When I was twelve years old, I felt more comfortable in a costume than in my own clothes. It wasn’t that my clothes were uncomfortable. In fact, I chose them for their comfort. I wore a wrinkled t-shirt that was two sizes too big because it was comfortable. My jeans were from Walmart, partially because my mom refused (and still refuses) to purchase any item of clothing over $15, and partially because they were comfortable. I wore Converse sneakers partially because they were comfortable but more so because I saw Will Smith wear them in the “i, robot” movie and I thought they were cool. Most importantly, I only wore cotton sports bras because they were comfortable.

My mom sometimes tried to get me to wear the lacy bras that she bought for me, but I refused. The lace makes my skin itch. I told her to buy me the real bras, the ones with padding that didn’t itch. But she refused, thinking that they were too adult. She told me I couldn’t wear sports bras forever, and I told her to watch me. I was regularly mistaken for a boy, but I didn’t resent this. I found it amusing. I got the sense that I was not as pretty as the girls around me who wore Hannah Montana merch from J.C. Penney, but I didn’t particularly care. I would not start caring about this for about two more years. Still, the costume was more comfortable than my clothes because when I wore it, I was performing.

I cannot remember the name of the performance that I was in or who my character was, but I can remember the costume and how it made me feel. It consisted of a red skirt that cinched tight at the waste and a white frilly blouse that tucked into the skirt. I was allowed to wear a padded bra which, in spite of what I told my mom, made me feel more grown up. My mom curled my hair into ringlets and slathered stage makeup on my face. No one would have mistaken me for a boy. The costume pinched in certain places and the makeup made me feel like a powdered sugar doughnut, but that didn’t matter because when I looked into the mirror, I saw someone who wasn’t myself. And I liked it. I would never have dressed like that in reality. It would have ruined my tomboy image, a persona that I had so artfully constructed. But my character, she would have dressed like that. That gave me confidence. It made me want to become her.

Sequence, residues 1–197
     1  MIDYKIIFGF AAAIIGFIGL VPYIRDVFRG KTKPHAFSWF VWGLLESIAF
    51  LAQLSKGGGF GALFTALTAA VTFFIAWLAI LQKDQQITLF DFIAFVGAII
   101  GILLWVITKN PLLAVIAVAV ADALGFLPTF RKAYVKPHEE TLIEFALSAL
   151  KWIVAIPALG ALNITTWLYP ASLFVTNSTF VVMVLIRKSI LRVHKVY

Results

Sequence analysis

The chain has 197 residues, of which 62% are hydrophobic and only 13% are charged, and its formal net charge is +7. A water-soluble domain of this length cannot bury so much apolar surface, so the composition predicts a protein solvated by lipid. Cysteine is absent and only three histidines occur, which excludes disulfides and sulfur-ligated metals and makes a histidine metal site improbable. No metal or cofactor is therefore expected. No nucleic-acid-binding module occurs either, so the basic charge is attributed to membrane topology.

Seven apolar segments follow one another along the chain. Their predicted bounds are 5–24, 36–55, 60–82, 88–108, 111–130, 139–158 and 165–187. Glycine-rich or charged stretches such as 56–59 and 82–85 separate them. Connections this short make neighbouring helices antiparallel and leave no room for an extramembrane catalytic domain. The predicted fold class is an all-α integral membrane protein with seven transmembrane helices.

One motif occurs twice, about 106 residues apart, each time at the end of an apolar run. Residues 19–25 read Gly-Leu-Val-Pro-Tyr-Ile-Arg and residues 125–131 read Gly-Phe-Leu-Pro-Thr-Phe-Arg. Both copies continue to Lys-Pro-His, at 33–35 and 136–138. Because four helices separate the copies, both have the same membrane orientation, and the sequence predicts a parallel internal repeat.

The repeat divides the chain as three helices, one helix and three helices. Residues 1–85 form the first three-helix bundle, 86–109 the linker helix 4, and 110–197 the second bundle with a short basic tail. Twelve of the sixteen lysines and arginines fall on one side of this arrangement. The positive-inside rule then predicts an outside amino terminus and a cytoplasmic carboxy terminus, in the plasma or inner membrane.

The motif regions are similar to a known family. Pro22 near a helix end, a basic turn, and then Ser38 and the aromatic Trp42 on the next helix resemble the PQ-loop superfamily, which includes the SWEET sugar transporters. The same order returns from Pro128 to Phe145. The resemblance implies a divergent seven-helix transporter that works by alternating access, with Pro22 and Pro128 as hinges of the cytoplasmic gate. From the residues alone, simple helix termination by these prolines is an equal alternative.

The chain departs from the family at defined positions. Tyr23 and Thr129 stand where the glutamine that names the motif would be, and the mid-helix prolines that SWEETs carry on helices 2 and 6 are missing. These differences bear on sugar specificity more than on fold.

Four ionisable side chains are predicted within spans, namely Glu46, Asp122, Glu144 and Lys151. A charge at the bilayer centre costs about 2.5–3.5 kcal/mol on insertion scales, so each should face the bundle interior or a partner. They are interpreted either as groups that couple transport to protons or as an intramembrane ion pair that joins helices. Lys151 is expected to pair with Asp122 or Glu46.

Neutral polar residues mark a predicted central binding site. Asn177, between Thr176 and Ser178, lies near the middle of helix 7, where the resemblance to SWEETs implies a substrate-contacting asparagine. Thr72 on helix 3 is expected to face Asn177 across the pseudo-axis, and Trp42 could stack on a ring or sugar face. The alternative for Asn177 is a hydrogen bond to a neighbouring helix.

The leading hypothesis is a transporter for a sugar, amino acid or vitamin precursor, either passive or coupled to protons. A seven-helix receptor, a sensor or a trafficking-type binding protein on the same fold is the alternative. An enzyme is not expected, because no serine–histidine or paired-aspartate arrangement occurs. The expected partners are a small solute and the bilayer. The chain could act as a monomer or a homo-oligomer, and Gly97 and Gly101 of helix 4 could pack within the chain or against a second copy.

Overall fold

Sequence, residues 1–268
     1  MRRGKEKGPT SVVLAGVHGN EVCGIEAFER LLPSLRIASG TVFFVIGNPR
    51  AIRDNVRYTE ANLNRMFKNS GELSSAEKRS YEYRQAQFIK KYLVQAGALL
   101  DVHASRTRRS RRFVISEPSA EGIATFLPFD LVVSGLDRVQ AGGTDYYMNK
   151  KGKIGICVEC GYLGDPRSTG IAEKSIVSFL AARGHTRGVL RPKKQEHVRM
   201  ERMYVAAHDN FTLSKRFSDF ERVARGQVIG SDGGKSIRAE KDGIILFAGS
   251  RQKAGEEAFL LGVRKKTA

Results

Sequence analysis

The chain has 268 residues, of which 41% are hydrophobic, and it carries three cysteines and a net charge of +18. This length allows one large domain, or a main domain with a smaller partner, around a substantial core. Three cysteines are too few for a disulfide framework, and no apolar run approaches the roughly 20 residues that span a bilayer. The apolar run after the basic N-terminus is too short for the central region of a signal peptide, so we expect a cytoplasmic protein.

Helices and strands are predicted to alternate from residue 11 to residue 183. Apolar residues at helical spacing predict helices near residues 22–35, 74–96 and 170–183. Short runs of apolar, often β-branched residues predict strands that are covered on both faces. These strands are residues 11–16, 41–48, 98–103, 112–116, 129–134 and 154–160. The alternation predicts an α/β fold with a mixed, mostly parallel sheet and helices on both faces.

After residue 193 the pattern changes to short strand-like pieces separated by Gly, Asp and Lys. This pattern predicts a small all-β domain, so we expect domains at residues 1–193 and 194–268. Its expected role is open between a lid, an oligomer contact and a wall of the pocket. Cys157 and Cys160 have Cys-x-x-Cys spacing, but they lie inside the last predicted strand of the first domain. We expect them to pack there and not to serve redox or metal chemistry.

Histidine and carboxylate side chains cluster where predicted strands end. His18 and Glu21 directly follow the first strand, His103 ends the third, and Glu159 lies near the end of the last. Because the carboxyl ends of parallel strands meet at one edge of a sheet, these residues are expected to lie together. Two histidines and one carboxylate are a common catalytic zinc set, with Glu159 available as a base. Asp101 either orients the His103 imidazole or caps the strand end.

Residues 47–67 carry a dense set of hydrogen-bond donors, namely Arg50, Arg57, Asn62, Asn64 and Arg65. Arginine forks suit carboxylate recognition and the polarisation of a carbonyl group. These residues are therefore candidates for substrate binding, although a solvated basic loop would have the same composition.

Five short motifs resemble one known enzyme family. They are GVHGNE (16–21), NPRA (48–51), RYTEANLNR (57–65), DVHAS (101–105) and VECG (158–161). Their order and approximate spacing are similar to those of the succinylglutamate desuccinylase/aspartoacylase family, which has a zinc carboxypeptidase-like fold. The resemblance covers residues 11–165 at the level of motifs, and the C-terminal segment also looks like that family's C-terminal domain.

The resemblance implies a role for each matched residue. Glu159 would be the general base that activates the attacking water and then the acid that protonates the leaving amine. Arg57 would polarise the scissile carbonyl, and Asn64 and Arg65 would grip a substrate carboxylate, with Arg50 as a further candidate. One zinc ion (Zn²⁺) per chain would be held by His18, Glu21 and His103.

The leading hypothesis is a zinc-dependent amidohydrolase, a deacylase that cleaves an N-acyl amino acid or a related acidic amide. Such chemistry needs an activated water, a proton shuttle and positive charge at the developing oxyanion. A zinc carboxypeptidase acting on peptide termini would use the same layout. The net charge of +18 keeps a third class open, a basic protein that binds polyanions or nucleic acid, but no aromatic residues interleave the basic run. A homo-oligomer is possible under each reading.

In the coming years, I became more self-conscious about the way that I dressed. I do not know whether this was symptomatic of being a girl or of being an adolescent or of both, but I constantly felt wrong in my body. I went through the awkward middle school phase and then through the awkward high school phase. Even after all my peers seemed to have grown out of the awkward phase, I felt I was still stuck in mine. I kept trying to find my authentic self. Did that reside in quirky graphic tees that indicated that I was more complex and interesting than other girls? Did it lie in dark, moody clothing that said I was too deep to wear bright colors? I kept trying on personas in attempts to find authenticity, to encapsulate my personality within my wardrobe. But it never worked. I always felt wrong in the personas I was trying to occupy, in my body, and in myself. I still felt more at home in costume, and in performance, than I did on a daily basis. It didn’t matter whether I was playing a peasant girl or a drunken man or was simply a member of the chorus. The costume made me feel like someone else; it let me escape authenticity.

Once I went to college, I finally landed on dressing like thirty-year-old mom who only shopped at Old Navy, because I only shopped at Old Navy. I blended into the background nicely. All of my clothes were basic and tended to go together because they were all from the same store. I stopped thinking less about authenticity of self and more about utilitarianism. What was quick and easy and made me look like everyone else? This was comfortable for a while. Then I came to Wesleyan.